Flesh + Bone III, now on view at IA&A at Hillyer, presents a cross-section of approaches to capturing the human figure. From a pool of 300 entries, Juror Scott Hutchison has selected 20 works that in his words, “had the greatest visual and psychological weight, while embodying the spirit of life.” While the open call was national in scope (with selected pieces coming from as far away as Georgia and Oregon), half of the artists chosen work within the greater DC metro area. The selection therefore offers viewers a sense of how our region’s artists are participating in contemporary dialogues regarding the intersection of abstraction and realism in modern, figurative work.
While painting dominates, the exhibition varies widely across mediums with several sculptural pieces and even a video work on display. Both abstract and representational approaches to capturing the human figure are apparent, with many playfully engaging the tension inherent between these two modes of painting. In slight contrast, works with a more straightforward pictorial approach spark the imagination with compositions that capture the human figure in contexts outside our daily existence.
Hutchison largely succeeds in his intent to highlight works contain, “a bit of invention and spectacle, mixed with truth.” That idea of brash spectacle is on full display in Distant Landcape 5 by Yeon Ji Yoo which welds together a nondescript seated torso with a apparently exploding shantytown representing the figure’s head. The monochrome color palette cannot tame the riot of imaginary impulses that spring forth, which in turn emphasizes the complex formation of the human ego. A similar ethos is evident in the Over the Spillway by Orion Wertz. In contrast to Yoo, Wertz presents a trio of figures amidst a fully realized landscape. Yet placing the trio hovering above a whirlwind of implied yet slightly indistinct watery lifeforms underscores the fragile interchanges between manmade and natural ecosystems. On the Horizon by Gavin Glakas positions a realistic figure within a landscape of greenery which grows more abstract as it moves away from the figure, again creating a variety of narrative possibilities.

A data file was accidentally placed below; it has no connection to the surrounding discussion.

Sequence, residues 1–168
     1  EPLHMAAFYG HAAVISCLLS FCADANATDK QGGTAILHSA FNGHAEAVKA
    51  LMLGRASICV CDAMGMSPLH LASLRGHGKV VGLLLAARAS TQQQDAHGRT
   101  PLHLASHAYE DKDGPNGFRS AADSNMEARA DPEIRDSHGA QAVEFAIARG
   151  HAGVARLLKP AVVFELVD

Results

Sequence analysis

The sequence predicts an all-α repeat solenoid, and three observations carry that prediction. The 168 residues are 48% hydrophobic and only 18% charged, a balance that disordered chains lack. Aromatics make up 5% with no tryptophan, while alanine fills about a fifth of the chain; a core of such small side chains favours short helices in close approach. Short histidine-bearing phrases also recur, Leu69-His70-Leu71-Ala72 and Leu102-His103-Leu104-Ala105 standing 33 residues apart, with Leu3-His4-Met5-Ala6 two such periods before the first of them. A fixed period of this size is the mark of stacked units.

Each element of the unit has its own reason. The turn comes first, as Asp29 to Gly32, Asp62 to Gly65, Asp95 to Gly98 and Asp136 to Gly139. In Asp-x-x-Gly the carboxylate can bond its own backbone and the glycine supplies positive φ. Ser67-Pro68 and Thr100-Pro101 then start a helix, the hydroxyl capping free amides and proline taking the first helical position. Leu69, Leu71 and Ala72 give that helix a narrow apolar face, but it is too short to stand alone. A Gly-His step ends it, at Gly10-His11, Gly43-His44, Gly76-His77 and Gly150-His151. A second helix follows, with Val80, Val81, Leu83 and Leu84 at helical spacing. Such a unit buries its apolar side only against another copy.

Other works pull attention inward, locating these narrative considerations directly within the very cells of the skin itself. This aesthetic focus is most easily identified in Reba Kittredge Tyson’s Daniella – Lower East Side NYC, May 2015. Tyson chops the torso, presenting only a fragment of a female body centered below the navel where an abstract patchwork of purples, yellows and grays creates an ominous bruise. No further details are given, forcing the viewer to consider the physical damage perpetrated on the skin of this body. Sean De presents a similar physical disruption in Minotaur where a perfectly rendered young man is seen with a bony protrusion jutting from the right side of the head. Unlike Tyson’s work, De’s visage betrays no hint of physical pain, yet given the boy’s empty stare (highlighted by the shadow across his face) psychic wounds may lay just below the surface. The painterly hand displayed within Ehren Clodfelter’s abstract work Untitled is itself the source of tension, suggesting skin in flux with its contrasting swirls of creams and forest greens. Michaela Japec’s Daydreams utilizes brushstrokes that become more abstract toward the center of the picture plane, highlighting the emotional pain that lies at the heart of the figure’s self-mutilation and underscoring the painter’s ability to position emotional angst within a graceful color palette.
Flesh and Bone III is on view through July 28, 2019 at IA&A at Hillyer. The gallery is located at 9 Hillyer Court, NW. For more information, visit their website here.